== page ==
A continuing tale of life in the boonies
Fresh Hopes For A New Year
1. That the publisher will vanquish the adverts invading this column and buy Star Market chuck eye roast at $1.57lb.
2. That the editor will get through the year without cutting a story in the middle of a
3. That the typesetter will continue the trend of making eros lss oftfen.
4. That throughout 1983 these articles will appear shortly after being submitted.
Doctor Seamus, I Presume
Seamus Sprague of Meaderboro Road has been a very wild dog indeed. A close encounter of the fur kind (bobcat), reported in a past column, failed to curb his roving ways. A couple of weeks ago, intimating the urgency of a call of nature to his guardian, Kelly the Hatless, he bounded out the back door. It was a call of nature, all right, but not the one Larry anticipated. Seamus sped half a mile across country to where a neighbor's pedigree Labrador bitch was penned in her compound. Intermission for a night visiting song:
It's open the door my ain true lover
Open the door, aye, and let me in,
For I have traveled a lang, lang journey,
And I am drenchit tae the skin.
And with a mighty leap, our hero, Seamus, landed himself and Larry Kelly, in a real sticky mess. Hell hath no fury like a compromised pet owner. The latest news on this delicate subject is that after a family whip-round raised the necessary $55, Seamus was taken to the vet. He weighed slightly less on his return.
The Chicago Bears may have the Refrigerator, but the Community Center basketball team is the proud possessors of the Oven, Jeff Smith, for it is he who has all the bulk, speed and agility of that piece of kitchen apparatus. However, a gloomy Boondock Butt, watching the team flounder against a strong Dover Rec. outfit, muttered "The Oven? How come he don't get hot once in a while?" Perhaps he will. Jeff and the rest of the team will be playing their home games in the Town Hall gym on Sundays at 2:15 p.m. Your support would be greatly appreciated.
Farmington Police Department responded last week to a call from a citizen who reported a bomb on her doorstep. The agitated householder explained that after hearing a suspicious noise late in the evening, she investigated, and discovered a mysterious and threatening package left outside her house. The police toyed briefly with the idea of placing the box in the back of Archie Corson's truck, but, instead, courageously opened it. A tray of chocolate-coated cherries came into view. Hard luck, Archie!
In the school library, Mary Stone is currently hard at work in the section that holds the younger children's books. At present, these works are catalogued and filed alphabetically by author, making it difficult for some readers, especially those who canít read, to return a book to its correct position. To overcome this, Mary has given each letter a color code, and now the spine of each volume on the shelves will bear some combination of colored tape. And so another nail is driven into the coffin of chaos.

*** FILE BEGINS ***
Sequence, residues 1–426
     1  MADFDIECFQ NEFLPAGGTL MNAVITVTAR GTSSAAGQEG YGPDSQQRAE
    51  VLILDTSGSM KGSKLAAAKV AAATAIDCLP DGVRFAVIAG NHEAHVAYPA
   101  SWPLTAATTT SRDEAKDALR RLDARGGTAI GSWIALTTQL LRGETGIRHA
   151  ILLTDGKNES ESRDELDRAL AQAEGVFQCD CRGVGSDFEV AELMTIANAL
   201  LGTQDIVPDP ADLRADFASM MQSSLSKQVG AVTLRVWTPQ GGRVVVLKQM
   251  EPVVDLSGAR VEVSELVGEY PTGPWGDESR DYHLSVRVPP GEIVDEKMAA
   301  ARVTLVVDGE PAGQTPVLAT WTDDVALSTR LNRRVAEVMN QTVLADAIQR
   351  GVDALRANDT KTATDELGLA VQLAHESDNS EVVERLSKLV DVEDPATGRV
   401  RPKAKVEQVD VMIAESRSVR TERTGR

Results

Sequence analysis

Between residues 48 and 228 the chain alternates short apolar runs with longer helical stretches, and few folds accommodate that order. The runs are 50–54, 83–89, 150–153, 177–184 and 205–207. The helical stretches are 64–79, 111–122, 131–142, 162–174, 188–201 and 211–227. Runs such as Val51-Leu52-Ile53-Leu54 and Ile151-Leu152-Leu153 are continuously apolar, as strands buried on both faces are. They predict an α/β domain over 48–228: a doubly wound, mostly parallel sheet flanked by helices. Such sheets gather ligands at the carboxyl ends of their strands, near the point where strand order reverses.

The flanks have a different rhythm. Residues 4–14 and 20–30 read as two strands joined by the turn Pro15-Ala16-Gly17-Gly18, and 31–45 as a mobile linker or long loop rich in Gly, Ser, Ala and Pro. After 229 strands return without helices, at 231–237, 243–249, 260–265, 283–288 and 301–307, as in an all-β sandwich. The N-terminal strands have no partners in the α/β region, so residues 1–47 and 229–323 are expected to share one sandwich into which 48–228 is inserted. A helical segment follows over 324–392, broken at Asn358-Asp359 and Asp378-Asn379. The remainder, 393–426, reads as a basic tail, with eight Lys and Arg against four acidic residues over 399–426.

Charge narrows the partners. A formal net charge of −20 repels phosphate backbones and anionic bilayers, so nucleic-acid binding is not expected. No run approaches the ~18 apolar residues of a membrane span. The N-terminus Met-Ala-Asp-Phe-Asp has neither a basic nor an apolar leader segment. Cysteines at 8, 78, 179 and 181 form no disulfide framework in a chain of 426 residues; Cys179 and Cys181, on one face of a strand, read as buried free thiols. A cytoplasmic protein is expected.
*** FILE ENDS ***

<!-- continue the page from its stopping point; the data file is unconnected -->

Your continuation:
Vice-president Henry Wilson was born near the Country Club in Farmington in 1812, and 173 years later, almost became famous by having a road race named after him. Unhappily, this event was called the Nute Ridge Half Marathon, instead, and poor Henry remained in obscurity until 1986 - year of the Henry Wilson Winter Carnival! This illustrious event is being hosted by the Farmington Country Club, and sponsored and organized by Farmington Business Association, Parks and Recreation, and the Davidson Rubber Social Committee. It will be held on Sunday, Feb. 16th, from 1 to 5 p.m. By a remarkable coincidence, this turns out to be Henry's birthday. Posters will shortly appear, trumpeting this afternoon of family fun, and will give details of the many activities and competitions slated for the carnival. Meanwhile, keep that day free.
The Farmington Robert Burns Appreciation Society (membership 1) is hosting its 2nd annual supper to commemorate the poet's birthday, Jan. 25. The Immortal Memory will be given by Mr. Eck Elliot of Cape Cod. Guests, mainly of the traditional music fraternity, will attend from throughout the New England area. I append the 1st verse of an epitaph Burns wrote for himself. It would serve equally well for Seamus Sprague: Reader attend! Whether thy soul
Soars Fancy's flights beyond the pole,
Or darking grubs this earthly hole
In low pursuit,
Know, prudent, cautious, self-control,
Is wisdom's root.
Note: Off Strike (See opening broadside.)
Jan. 21, 1986
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